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E-Waste Management in the Kayapo Indigenous Lands of the Brazilian Amazon

The disposal, reuse, and recycling of electronic waste (e-waste) created from discarded electronics will continue to be an environmental challenge for many generations in communities around the world. In Brazil e-waste has been identified as an issue and multiple methods of management, both formal and informal, have been developed over recent years; however, the environmental and health impacts of e-waste are an ongoing concern for many communities. In particular, rural communities where there is no access to municipal waste disposal options experience the impacts of e-waste more directly in their surrounding environment and communities. The Kayapó, one of several indigenous peoples in the Brazilian Amazon, have utilized digital technologies and items such as motors, flashlights, solar panels, and other small personal electronics for several decades. Once these electronics reach their end-of-life they often are discarded into the surrounding environment, creating an accumulation of e-waste within the community.

Working with representatives from Conservation International and Kayapó NGO Associação Floresta Protegida (AFP), the senior design team will investigate alternatives and their impacts for managing e-waste within the Amazonian environment. Supporting this effort is a continued partnership with Departments of Anthropology at Purdue and Brazilian Federal University of Uberlândia, and the Kayapó community of Aukre. The team must maintain stewardship of these on-going community and university partnerships and include community perspectives and their values in the design process.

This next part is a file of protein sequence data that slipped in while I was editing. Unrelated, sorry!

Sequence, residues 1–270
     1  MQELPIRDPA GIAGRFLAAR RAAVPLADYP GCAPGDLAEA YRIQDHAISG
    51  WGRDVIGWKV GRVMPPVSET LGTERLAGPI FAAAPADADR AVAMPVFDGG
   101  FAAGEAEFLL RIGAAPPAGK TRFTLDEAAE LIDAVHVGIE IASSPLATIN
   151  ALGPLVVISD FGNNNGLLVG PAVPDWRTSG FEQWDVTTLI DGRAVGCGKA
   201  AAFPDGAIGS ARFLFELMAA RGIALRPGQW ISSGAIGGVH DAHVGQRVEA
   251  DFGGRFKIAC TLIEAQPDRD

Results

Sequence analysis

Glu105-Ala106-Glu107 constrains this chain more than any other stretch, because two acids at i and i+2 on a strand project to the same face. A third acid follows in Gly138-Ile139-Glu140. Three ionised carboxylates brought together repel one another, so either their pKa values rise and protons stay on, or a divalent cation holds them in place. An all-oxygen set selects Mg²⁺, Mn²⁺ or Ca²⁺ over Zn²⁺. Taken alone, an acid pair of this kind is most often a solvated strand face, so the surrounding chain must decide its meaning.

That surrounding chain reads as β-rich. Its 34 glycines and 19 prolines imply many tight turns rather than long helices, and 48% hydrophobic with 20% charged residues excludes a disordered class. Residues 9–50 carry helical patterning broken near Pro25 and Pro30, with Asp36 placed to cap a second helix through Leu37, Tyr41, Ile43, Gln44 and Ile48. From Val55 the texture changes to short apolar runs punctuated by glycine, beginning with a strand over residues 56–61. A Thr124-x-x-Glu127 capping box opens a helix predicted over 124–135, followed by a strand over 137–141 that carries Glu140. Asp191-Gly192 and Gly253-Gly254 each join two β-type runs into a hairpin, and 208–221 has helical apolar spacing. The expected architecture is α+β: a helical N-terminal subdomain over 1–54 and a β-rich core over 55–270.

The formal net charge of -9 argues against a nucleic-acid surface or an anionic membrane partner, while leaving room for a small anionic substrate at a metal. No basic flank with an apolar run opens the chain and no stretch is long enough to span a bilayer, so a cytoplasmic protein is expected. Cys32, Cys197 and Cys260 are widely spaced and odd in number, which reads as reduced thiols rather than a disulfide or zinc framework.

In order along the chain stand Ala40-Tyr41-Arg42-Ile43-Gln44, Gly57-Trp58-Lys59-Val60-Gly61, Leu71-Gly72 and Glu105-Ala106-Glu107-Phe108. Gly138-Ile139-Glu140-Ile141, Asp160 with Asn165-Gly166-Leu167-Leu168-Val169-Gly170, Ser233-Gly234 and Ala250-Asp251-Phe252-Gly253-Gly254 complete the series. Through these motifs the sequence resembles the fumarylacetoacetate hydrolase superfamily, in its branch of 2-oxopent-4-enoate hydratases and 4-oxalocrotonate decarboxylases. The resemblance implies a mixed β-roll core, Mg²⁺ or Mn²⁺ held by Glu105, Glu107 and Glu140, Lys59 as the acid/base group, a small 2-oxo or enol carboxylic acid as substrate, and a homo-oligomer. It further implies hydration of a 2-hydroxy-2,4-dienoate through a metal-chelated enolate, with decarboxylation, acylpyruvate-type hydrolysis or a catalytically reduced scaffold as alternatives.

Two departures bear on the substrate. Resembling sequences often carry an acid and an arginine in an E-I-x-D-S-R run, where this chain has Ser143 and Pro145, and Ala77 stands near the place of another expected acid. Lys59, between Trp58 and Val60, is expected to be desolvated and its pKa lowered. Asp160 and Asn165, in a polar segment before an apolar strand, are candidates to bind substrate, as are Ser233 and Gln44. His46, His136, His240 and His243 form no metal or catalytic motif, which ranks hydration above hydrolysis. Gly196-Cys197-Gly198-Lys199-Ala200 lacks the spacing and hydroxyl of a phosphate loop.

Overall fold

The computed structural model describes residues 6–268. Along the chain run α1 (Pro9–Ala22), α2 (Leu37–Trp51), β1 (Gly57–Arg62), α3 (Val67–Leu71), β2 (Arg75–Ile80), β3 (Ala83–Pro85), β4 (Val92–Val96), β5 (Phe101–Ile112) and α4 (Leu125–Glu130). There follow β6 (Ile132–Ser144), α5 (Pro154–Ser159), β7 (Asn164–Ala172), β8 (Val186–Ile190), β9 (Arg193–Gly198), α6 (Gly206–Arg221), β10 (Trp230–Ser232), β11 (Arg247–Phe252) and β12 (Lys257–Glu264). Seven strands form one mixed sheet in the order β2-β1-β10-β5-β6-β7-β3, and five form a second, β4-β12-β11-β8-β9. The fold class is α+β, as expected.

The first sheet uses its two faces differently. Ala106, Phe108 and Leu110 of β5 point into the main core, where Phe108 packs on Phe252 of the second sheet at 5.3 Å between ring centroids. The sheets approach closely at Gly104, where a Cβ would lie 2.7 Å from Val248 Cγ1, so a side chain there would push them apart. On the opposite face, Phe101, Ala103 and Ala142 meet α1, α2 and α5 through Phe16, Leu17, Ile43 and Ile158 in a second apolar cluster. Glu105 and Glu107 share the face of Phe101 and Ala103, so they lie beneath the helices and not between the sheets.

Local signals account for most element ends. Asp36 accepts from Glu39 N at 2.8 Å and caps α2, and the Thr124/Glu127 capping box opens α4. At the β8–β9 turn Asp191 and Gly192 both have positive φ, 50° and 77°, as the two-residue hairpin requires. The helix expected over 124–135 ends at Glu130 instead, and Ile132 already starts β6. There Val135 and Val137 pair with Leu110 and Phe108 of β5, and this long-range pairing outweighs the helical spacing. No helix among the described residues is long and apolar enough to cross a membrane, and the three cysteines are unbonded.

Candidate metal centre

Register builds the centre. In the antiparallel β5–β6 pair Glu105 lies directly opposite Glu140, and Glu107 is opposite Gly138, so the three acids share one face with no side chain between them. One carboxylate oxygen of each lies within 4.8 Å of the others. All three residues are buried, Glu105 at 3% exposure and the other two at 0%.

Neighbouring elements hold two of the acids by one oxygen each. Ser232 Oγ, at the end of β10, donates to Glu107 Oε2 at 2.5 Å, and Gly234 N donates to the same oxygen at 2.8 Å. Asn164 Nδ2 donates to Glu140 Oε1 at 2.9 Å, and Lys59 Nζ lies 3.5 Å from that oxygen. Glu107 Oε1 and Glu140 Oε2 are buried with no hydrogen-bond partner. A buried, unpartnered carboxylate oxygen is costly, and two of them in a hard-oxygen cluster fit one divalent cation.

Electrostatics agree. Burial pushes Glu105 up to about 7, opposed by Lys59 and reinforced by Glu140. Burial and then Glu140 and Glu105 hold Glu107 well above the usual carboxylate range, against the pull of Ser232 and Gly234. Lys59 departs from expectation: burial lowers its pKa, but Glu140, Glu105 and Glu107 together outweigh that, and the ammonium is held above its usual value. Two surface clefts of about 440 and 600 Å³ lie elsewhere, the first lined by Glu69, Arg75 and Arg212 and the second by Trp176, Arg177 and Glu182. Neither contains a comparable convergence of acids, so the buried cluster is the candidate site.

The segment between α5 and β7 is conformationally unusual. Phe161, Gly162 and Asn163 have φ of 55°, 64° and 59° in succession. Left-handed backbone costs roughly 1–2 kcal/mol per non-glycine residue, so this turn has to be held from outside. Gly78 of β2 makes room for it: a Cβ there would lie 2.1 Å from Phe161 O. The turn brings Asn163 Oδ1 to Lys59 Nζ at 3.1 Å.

Senior Design Team update:

The goal of this project is to provide a management plan and educational tools to guide non-biodegradable waste practices in the Kayapó community of A’Ukre, one of several remote villages located in the Kayapó Lands in the heart of the Brazilian Amazon. The Kayapó regularly use digital technologies for personal and community initiatives such as community-created films, festivals, and activism. Everyday activities are supported and enhanced by items such as motors, flashlights, solar panels, and other small personal electronics - all things which have an end-of-life. With only 2% of waste recycled in Brazil, the handling and proper disposal of waste can be a challenge in a community lacking access to roads and recycling facilities. This project works in partnership with the Kayapó community of A’Ukre as well as Conservation International Canada and Associação Floresta Protegida (AFP).